6 Things You Should Know About Florida’s Generator Law

6 Things You Should Know About Florida’s Generator Law

Posted in: Diesel Generators Performance

A year after Florida’s nursing home and assisted living facility generator requirements were signed into law by Governor Rick Scott, many facilities impacted by the new rules are still questioning what exactly is required.

Here are six things you should know about complying with the new generator laws and keeping residents safe during emergencies.

1. How You Cool is Up to You

Florida’s emergency generator laws require that nursing homes and assisted living facilities have backup power. The rules do not require a specific type of cooling. Some facilities may opt to power the entire HVAC system while others create an emergency-specific cooling solution.

2. Protecting Equipment is Essential

Your emergency power source is no good if it’s underwater. Protecting your generator from storm surge and inclement weather is what keeps your facility in compliance during a tropical storm or hurricane.

3. Assisted Living Facilities Should Consider Fuel

ALFs under 17 beds are only required to store 48 hours’ worth of fuel. However, in many areas, these facilities are not prioritized for power restoration like nursing homes. Consider how long your facility could be without power when planning your backup generator solution.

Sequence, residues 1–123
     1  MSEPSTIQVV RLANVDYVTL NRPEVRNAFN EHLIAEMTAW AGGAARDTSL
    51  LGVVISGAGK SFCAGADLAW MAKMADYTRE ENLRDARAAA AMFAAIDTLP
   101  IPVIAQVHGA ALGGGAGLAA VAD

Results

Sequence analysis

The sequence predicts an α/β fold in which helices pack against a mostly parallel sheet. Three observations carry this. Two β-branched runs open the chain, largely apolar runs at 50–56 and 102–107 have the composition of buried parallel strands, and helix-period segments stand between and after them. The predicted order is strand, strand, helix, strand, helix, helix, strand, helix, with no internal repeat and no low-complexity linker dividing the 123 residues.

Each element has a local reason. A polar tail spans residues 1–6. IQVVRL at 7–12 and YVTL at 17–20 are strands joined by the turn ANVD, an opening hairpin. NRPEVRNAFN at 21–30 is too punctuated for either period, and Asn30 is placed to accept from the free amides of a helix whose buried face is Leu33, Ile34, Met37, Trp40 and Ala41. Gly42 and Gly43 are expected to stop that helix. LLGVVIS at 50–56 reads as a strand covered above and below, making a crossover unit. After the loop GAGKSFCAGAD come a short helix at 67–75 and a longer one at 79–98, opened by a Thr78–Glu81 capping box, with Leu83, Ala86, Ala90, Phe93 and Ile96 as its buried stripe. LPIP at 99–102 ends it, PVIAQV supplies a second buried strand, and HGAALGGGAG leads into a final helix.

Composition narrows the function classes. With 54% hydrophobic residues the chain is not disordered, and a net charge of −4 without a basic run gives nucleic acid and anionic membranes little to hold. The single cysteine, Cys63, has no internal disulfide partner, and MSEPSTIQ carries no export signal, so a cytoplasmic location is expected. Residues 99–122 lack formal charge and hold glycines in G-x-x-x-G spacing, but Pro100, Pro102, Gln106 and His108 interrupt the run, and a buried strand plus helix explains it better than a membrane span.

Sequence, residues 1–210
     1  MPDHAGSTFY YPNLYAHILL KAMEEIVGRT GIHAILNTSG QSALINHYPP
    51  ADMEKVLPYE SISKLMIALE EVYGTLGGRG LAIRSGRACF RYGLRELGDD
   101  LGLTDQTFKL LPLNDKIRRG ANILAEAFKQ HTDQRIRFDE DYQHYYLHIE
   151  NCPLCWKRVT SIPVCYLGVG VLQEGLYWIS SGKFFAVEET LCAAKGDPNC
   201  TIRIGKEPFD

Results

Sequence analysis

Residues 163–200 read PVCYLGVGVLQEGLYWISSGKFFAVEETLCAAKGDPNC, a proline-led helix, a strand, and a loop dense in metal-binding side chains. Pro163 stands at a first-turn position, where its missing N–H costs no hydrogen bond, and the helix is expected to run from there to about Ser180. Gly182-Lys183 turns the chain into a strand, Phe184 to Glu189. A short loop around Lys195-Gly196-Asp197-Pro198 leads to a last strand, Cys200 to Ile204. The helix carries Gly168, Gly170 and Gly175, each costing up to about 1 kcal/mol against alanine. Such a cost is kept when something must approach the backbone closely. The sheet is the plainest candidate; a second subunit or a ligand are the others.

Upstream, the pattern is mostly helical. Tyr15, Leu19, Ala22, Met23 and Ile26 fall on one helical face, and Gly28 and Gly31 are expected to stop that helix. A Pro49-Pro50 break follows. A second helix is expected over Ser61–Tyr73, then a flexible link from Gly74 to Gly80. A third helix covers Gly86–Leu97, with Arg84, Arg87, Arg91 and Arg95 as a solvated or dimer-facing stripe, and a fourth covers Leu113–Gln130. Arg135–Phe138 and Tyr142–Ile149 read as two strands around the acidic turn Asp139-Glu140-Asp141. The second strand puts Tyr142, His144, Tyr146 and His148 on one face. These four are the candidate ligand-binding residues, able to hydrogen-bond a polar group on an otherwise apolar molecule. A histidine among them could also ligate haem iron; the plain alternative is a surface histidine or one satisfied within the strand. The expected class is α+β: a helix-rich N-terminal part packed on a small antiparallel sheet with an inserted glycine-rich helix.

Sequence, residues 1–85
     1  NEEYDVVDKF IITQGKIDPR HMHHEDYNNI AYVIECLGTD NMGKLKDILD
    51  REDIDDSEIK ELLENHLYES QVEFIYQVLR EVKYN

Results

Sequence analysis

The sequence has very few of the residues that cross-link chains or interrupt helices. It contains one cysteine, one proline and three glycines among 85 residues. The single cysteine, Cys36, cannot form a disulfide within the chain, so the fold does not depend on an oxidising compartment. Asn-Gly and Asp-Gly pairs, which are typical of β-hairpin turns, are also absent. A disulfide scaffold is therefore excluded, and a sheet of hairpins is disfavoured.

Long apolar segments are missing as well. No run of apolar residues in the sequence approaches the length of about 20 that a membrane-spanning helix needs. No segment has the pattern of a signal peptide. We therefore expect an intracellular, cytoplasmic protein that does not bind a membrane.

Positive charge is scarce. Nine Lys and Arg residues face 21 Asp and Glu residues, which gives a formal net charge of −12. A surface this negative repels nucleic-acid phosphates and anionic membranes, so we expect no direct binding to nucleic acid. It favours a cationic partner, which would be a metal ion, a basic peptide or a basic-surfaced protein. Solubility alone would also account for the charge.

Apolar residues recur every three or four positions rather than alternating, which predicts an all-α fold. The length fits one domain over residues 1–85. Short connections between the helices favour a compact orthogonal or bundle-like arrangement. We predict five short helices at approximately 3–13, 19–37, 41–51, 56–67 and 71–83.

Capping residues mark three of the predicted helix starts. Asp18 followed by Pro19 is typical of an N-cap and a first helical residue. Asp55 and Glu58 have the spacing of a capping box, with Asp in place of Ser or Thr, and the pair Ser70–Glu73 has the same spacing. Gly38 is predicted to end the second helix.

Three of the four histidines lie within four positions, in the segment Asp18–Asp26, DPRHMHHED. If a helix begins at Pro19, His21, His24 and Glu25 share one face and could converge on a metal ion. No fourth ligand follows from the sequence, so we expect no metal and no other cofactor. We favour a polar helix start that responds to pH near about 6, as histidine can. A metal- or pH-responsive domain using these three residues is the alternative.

4. Backup Power Requires Regular Testing

Load testing your generator to mimic emergency conditions is important. You need to ensure your backup power will meet Florida’s generator requirements and protect residents in case of a hurricane.

5. Local Rules Could Change Your Plans

Some local governments are adding requirements to Florida’s generator law. However, the Florida Health Care Association is trying to eliminate these additional requirements. Kristen Knapp, Florida Health Care Association director of communications, told WMFE that the organization believes “it’s very confusing and conflicting for local providers.”

6. Compliance will be Expensive

It will cost Florida’s nursing homes and assisted living facilities $365 million over the next five years to meet the guidelines put in place by the generator law.

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